Council To Use Innovative Plastic Waste Material For Resurfacing
Rolle Mews Car Park, Budleigh Salterton is being resurfaced by East Devon District Council this week using an innovative new material.
Instead of conventional asphalt, an alternative type of surface incorporating non-recyclable plastic waste, in place of a portion of bituminous binder material, will be used.
This product, which is produced by MacRebur, has several advantages.
From an environmental perspective, incorporation of ground-up non-recyclable plastics into the surfacing removes the need to incinerate these materials or send them to landfill by giving them further use.
The addition of these plastics to the bitmac reduces the amount of bitumen (a material obtained from crude oil and used to bind aggregate in road surfacing) required. When the surfacing reaches the end of its life, the surface can be ‘planed’ (excavated) out and recycled into a new surface.
The addition of plastic is also beneficial to the surfaces’ properties, making it more flexible and durable, and extending its life.
Independent laboratory testing has proved that MacRebur does not leech microplastics into the environment, and does not produce additional hazardous fumes in comparison to regular surfacing.
The manufacturing process also ensures that no plastic granules, sometimes known as ‘nurdles’ enter the environment during construction. Plastic granules produced at MacRebur’s factory are sealed in bags for transportation to the local asphalt manufacturer, who then add the granules to the bitumen in controlled factory conditions, where it is heated and blended into the mixture. As a result, the granules are already melted by the time that they reach site, and there is no loose plastic present on site.
This resurfacing project will recycle 600kg of waste plastic (the equivalent weight of 48,000 plastic bottles) that would otherwise be disposed of, will reduce fossil fuel extraction for the surfacing by 6%, and save 580kg of carbon emissions which is the equivalent of either:
- Driving nearly 1400 miles in an average passenger vehicle
- Burning 617 pounds of coal
- Charging 71,418 smartphones
- The carbon removed by growing 9 trees for a period of 10 years
The need to resurface Rolle Mews Car Park was identified during the Council’s car park condition surveys, which take place annually across the district.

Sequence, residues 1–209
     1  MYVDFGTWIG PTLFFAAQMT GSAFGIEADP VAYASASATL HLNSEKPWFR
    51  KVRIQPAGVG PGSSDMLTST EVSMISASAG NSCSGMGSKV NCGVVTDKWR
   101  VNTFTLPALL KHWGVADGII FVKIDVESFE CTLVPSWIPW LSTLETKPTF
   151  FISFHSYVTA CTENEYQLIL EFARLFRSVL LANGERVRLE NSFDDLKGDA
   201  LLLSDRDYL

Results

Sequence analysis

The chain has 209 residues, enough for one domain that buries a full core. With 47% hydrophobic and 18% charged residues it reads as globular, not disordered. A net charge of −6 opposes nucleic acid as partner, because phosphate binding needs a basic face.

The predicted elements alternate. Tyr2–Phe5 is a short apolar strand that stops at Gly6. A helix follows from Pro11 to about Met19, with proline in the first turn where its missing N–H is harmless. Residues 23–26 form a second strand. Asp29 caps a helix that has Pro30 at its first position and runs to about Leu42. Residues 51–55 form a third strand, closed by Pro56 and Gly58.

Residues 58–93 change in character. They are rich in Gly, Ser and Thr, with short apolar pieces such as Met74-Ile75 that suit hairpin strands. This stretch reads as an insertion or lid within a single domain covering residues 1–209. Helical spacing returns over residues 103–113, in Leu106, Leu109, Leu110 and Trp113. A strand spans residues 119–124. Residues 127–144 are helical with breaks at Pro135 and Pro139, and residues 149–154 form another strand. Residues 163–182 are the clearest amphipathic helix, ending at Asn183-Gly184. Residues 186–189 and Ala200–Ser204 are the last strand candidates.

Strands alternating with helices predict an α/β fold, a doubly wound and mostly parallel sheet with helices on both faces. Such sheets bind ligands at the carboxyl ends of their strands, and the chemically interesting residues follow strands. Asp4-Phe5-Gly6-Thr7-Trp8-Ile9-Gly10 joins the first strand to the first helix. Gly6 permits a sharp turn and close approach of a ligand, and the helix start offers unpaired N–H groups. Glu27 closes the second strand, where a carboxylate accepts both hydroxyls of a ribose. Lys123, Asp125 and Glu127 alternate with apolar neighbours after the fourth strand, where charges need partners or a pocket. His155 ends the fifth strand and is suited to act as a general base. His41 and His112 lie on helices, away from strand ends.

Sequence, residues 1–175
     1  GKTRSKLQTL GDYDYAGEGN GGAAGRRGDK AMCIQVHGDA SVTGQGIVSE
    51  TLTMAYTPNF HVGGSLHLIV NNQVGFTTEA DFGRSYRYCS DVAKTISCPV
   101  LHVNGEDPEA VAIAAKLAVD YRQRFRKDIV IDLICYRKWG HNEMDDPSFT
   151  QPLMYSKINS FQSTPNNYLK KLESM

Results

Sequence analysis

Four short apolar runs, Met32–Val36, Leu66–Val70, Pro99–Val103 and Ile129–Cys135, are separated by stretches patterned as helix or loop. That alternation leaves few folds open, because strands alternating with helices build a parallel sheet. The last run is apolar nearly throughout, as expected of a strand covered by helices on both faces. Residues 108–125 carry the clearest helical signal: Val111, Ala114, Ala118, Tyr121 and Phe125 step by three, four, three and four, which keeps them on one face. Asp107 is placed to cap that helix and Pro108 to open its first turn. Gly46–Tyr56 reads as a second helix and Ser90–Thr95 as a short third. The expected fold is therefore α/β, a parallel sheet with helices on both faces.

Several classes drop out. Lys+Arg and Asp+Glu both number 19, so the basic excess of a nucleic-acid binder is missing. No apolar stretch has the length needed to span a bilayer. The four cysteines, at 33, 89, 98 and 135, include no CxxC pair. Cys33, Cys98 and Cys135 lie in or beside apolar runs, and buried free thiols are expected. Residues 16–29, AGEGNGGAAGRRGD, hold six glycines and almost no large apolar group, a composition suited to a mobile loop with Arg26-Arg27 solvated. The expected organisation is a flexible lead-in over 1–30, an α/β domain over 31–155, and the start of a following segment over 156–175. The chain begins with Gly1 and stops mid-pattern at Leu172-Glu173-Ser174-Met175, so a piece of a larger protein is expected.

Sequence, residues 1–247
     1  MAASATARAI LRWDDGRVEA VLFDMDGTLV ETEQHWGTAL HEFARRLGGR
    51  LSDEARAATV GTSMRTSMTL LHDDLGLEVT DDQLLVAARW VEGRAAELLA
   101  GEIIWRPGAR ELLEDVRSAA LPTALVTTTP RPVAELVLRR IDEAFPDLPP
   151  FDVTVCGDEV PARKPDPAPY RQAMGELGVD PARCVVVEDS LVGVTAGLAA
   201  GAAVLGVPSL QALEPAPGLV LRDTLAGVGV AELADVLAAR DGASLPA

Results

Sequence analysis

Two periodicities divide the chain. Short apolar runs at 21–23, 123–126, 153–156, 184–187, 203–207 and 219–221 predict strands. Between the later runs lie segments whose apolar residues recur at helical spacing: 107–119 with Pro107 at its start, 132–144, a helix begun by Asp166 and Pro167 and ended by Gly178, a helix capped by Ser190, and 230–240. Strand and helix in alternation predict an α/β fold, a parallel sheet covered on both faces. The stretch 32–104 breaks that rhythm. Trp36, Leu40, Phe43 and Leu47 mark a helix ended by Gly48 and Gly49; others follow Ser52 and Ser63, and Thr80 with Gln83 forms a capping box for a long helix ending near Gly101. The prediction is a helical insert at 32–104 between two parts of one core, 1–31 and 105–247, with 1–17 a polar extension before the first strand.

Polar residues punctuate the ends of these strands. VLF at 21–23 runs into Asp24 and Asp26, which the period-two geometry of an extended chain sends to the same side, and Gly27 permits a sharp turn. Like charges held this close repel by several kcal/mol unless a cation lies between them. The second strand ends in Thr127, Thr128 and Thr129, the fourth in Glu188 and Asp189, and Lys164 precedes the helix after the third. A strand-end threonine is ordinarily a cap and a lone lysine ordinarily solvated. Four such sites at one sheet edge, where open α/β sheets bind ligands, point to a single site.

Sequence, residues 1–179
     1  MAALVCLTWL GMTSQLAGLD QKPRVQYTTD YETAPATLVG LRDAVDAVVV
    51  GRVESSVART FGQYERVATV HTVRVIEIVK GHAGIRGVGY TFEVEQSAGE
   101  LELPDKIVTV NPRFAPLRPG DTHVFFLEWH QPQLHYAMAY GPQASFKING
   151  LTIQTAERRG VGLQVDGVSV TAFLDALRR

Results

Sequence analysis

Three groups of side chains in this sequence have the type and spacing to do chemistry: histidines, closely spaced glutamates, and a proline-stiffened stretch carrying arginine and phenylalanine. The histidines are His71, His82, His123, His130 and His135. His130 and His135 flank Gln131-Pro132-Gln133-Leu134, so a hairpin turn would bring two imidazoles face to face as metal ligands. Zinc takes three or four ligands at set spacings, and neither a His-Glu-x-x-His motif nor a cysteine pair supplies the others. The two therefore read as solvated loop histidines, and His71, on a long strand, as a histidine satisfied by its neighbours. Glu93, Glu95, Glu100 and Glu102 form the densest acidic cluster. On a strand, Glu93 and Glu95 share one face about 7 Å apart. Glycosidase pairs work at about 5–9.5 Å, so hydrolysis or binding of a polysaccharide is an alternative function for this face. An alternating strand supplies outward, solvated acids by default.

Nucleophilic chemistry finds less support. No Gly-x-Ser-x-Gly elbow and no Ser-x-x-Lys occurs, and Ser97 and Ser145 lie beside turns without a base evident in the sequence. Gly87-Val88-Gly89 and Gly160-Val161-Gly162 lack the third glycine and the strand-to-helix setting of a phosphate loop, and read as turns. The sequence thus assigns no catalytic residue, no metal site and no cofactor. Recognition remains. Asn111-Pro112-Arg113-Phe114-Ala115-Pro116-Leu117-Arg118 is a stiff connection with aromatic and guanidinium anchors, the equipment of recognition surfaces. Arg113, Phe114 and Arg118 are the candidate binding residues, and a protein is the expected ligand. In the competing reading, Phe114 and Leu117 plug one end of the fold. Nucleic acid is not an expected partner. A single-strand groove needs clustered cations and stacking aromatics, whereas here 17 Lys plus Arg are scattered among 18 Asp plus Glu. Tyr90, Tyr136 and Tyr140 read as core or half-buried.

Inspections cover elements of the built environment including condition of surfacing, lining, walls and lighting columns among other features. Other less comprehensive inspections of East Devon’s car parks are completed by civil enforcement officers during their daily rounds.
The use of this lower carbon material is in line with the council’s Climate Change Action Plan, which aims to make the council and its activities carbon neutral by 2040.
East Devon’s Engineering Department, who will oversee the works, will continue to use more sustainable materials within their projects and have taken measures, such as including compulsory carbon reduction questions within tenders, in order to ensure future works are more environmentally friendly.
The resurfacing works will also present the opportunity to redesign the car park’s layout, which will include a change for the majority of spaces from angled echelon bays to linear bays at 90 degrees to traffic flow, although a one way traffic flow will still be in place.
This will increase the number of available bays by 11, bringing the total number of bays in the car park to 57, providing a much needed boost to this popular car park’s capacity.
Works will also be undertaken to repair the car park’s boundary walls, improve drainage and where unusable space is present, include planting. Trees and plants absorb and store the carbon dioxide emissions that are driving global heating and are an important factor in the council’s commitment to Climate Change and reducing its carbon footprint.
Plants and trees in car parks also provide shade can reduce the need for air conditioning (both in car and around buildings) and help to reduce the impact of the ‘urban heat island effect’ where temperatures in built-up areas are typically several degrees higher due to the presence of heat-absorbing materials, such as bitmac. Trees also provide essential habitat for wildlife and can improve air quality. The right tree, in good condition, can capture and store up to 100 gallons of water a day, reducing runoff as well as filtering pollutants.
Construction began on Monday 24 February and will conclude on Friday 28 February 2020. The works will be completed by C Sansom Ltd, who were awarded the contract following a competitive tender process. The car park will be closed for the duration of this period.
Commenting on the car park resurfacing, Cllr Geoff Pook, East Devon’s portfolio holder for asset management, said:
“East Devon District Council has a responsibility to reduce our carbon footprint and innovative materials such as this offer a promising solution. Construction activities contribute over 10% of the UK’s carbon emission and so this is a key area to cut down on. We will continue to research, trial and use more sustainable materials wherever possible.”